England's shootout victory over Colombia to enter the FIFA World Cup quarterfinals indicate that the side may have finally rid itself of the baggage that had consumed two previous generations, something Gareth Southgate would know a lot about (Pic: IANS).
England head into their FIFA World Cup quarterfinal against Sweden with the most likeable squad they have fielded in years. A lot of this is down to sheer freshness of the squad.
Trent Alexander-Arnold, 19, is the youngest in a team led by the 24-year-old Harry Kane. Apart from these two, Marcus Rashford, Raheem Sterling, Dele Alli, Ruben Loftus-Cheek, Jesse Lingard, Eric Dier, John Stones, Harry Maguire, Jack Butland and Jordan Pickford are all 25 or younger. That’s an incredible 13 players and many in key positions.
So far they have been able to successfully deal with the intense pressure that comes with representing England at a World Cup with confidence, clarity and not a small amount of style. That they were able to get past the penalty shootout against Colombia was an indication that this generation may have finally rid itself of the baggage that had consumed two previous generations. No one will understand this better than coach Gareth Southgate himself.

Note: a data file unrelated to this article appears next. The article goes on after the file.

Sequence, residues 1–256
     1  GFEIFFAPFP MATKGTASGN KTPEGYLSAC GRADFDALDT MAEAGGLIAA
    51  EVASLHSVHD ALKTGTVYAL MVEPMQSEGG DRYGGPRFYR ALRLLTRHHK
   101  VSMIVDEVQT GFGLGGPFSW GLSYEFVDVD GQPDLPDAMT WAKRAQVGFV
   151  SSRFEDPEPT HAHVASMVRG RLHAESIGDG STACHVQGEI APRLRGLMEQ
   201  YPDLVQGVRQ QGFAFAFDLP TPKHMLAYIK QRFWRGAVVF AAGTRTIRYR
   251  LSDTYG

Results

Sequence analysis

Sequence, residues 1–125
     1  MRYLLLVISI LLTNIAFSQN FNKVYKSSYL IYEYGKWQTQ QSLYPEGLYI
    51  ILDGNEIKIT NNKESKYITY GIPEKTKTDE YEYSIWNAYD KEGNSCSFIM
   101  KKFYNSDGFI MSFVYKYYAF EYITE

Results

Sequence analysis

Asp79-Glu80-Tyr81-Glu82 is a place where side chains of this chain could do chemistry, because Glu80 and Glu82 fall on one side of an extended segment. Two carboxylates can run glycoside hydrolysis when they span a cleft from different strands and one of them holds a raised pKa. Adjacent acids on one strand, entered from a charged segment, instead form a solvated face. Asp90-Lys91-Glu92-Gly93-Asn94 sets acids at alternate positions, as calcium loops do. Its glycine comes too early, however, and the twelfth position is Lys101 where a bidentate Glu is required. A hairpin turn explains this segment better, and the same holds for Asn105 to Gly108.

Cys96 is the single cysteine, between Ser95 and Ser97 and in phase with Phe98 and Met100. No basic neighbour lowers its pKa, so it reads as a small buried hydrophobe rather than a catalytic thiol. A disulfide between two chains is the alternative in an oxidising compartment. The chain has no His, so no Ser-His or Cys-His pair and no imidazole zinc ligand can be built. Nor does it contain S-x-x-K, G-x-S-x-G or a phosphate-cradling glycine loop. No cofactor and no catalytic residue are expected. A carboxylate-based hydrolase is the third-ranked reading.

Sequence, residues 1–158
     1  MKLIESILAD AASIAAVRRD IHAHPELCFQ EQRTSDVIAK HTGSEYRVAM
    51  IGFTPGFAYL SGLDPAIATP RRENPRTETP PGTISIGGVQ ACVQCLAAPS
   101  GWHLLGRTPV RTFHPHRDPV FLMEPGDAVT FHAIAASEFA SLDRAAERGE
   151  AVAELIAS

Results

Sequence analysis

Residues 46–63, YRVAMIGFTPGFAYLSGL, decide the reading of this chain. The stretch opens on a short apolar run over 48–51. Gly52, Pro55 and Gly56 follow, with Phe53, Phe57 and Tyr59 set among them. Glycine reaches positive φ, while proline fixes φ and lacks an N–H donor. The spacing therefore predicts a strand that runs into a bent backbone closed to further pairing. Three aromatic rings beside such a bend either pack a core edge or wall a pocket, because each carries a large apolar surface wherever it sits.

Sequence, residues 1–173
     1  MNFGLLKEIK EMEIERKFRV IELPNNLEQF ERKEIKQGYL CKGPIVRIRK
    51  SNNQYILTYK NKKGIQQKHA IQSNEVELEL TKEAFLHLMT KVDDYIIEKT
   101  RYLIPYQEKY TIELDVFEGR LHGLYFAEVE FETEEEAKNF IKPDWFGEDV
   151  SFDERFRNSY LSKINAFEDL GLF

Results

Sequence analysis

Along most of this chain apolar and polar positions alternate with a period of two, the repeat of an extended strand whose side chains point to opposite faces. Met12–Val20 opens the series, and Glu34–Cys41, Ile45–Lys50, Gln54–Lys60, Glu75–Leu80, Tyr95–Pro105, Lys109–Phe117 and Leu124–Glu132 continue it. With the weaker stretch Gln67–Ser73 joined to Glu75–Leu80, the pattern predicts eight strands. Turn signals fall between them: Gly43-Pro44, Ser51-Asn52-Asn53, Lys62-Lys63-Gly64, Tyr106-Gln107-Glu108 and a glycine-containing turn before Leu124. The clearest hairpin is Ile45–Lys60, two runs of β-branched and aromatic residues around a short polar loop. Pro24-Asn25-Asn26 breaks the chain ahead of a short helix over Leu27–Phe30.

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Football was meant to be coming home at Euro ’96 until Southgate, a relative unknown in a squad full of larger-than-life players; Tony Adams, David Platt, Paul Gascoigne, Alan Shearer, missed the penalty that cost England a place in the final. He had a long England career and played 503 Premier League games. But Southgate could never attract the attention of clubs bigger in stature than Middlesbrough and Aston Villa. With the win over Colombia, he has managed to exorcise some of those long-lived demons.
All this is not happening by chance or coincidence. That so many younger players are making an impact at this tournament is evidence to indicate a generational shift in global football. Germany are the perfect case in point on the one hand—where players coming through the system are not reaching the levels already established by the 2010 generation.
England are at the opposite end of the development cycle—where the players currently in the first team are very young, by and large, but are able to perform to a high standard because they have already been in the system for a number of years. The English FA seems to have developed a cohesive development plan for its teams—right up from the under 15s going to the first team.
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Michael Chopra, the English striker who played for Newcastle and Sunderland in the Premier League and represented England at the youth level, says what we are seeing at the World Cup “has taken 10 years to get right”.